Tuesday, February 21, 2017

Blue Celebration

Seems like hardly a day goes by when I'm not realizing that something I really like is gone.  It can be as local as that new bakery that opened a few miles from home...the one with the marionberry scones like no other, to a product like soap or a brand of cracker.  Stuff disappears.  They don't make it anymore.  I can see if it's a product that's not selling, but I can't help but feel that someone or something is messing with various goods and services that many folks have come to depend on.
I once wrote a letter to a shampoo manufacturer because they changed the aroma, viscosity, and color of their product.  To no avail.  Seems like it's happening more and more.
Now I realize that this is minor stuff that hardly threatens the existence of civilization as we know it.  I know it's only mildly irritating in the long run.  Other products that I will grow to love will soon be replaced or disappear, no doubt.
That's why I'm going to flip this diatribe and celebrate the long enduring fact that Levis Jeans are, were, and will always be in my life.  I've worn Levis for over 50 years and have no intention of stopping now.  I even went as far as saying that when I retire from full-time teaching I will wear them every day of my life.

Over the years the simple act of wanting and wearing Levis has become more complicated.  In Jr. high and high school there were two kinds, regular blue jeans and then what we called
white Levis."  By my 20s that changed with the introduction of colors, numbers, and corduroy choices.  Today you need to know the difference between 501s and 514s.  Even the sizes vary.  Where once I could go into any story and buy size 34/32 in any variety and not have to try them on in advance, today that's a bit of a gamble.  Still, there is something reassuring about knowing that the Levi Straus company lives on with a fair amount of success.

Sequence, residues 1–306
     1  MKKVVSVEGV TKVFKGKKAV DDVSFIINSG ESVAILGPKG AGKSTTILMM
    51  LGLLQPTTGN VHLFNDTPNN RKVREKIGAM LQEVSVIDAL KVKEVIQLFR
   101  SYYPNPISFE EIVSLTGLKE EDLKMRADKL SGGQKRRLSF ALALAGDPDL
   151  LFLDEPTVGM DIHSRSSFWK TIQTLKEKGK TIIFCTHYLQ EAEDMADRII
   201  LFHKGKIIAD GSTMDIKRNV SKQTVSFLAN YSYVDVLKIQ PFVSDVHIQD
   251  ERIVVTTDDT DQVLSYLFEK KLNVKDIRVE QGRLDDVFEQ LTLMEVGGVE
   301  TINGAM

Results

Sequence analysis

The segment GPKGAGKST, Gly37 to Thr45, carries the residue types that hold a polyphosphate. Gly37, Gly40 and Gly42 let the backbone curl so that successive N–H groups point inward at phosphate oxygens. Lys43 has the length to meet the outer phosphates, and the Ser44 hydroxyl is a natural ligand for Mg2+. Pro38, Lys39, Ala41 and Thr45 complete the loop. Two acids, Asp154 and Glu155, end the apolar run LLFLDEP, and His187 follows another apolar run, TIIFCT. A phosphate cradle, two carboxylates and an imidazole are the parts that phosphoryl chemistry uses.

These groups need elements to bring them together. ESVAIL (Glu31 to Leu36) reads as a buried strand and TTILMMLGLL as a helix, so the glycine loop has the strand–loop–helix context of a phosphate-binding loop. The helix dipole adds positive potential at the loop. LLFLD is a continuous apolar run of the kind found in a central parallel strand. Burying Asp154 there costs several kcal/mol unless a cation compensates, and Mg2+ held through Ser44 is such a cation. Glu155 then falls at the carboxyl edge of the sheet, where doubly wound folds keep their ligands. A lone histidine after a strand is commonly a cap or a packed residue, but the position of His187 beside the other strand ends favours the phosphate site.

I must have about 10 pairs of Levis jeans in my closet right now.  Three  of them might as well be retired because of holes worn through.  I keep them for painting rooms, or wearing on evenings I stay at home, or to go fishing and have a back-up.  Another pair isn't my correct size, so it's in the the earthquake kit along with a faded brown pair that once was part of my classroom wardrobe.  I have one new pair, a pair of chords, and three pair of blue jeans that I wear from week to weak.  Oh yeah, there is also a pair of gray Levis I bought for classroom visits when I observe beginning teachers.
All these jeans have distinctive qualities.  I can tell them apart by the color variation, the wear, and the fit.
Sometimes just being comfortable is enough reason to celebrate.

Friday, February 17, 2017

Is It Rolling?

I hate the term.  Every time I hear it it takes me back to the first time I heard it used.  Connotation, I guess that would be called.  Like a specific smell that becomes associated with an emotion or an event, the term "roll out" or more specifically "rolling out," sticks in my craw.
Products are rolled out, Presidential appointees and programs are rolled out, and the latest edition of something...anything... is now "rolled out."
Literally, the image conjures something on wheels.  A curtain opens and Voila! Here it is, our new improved version of something that needed to be rebooted. On wheels.

Oh that meeting...here's the story.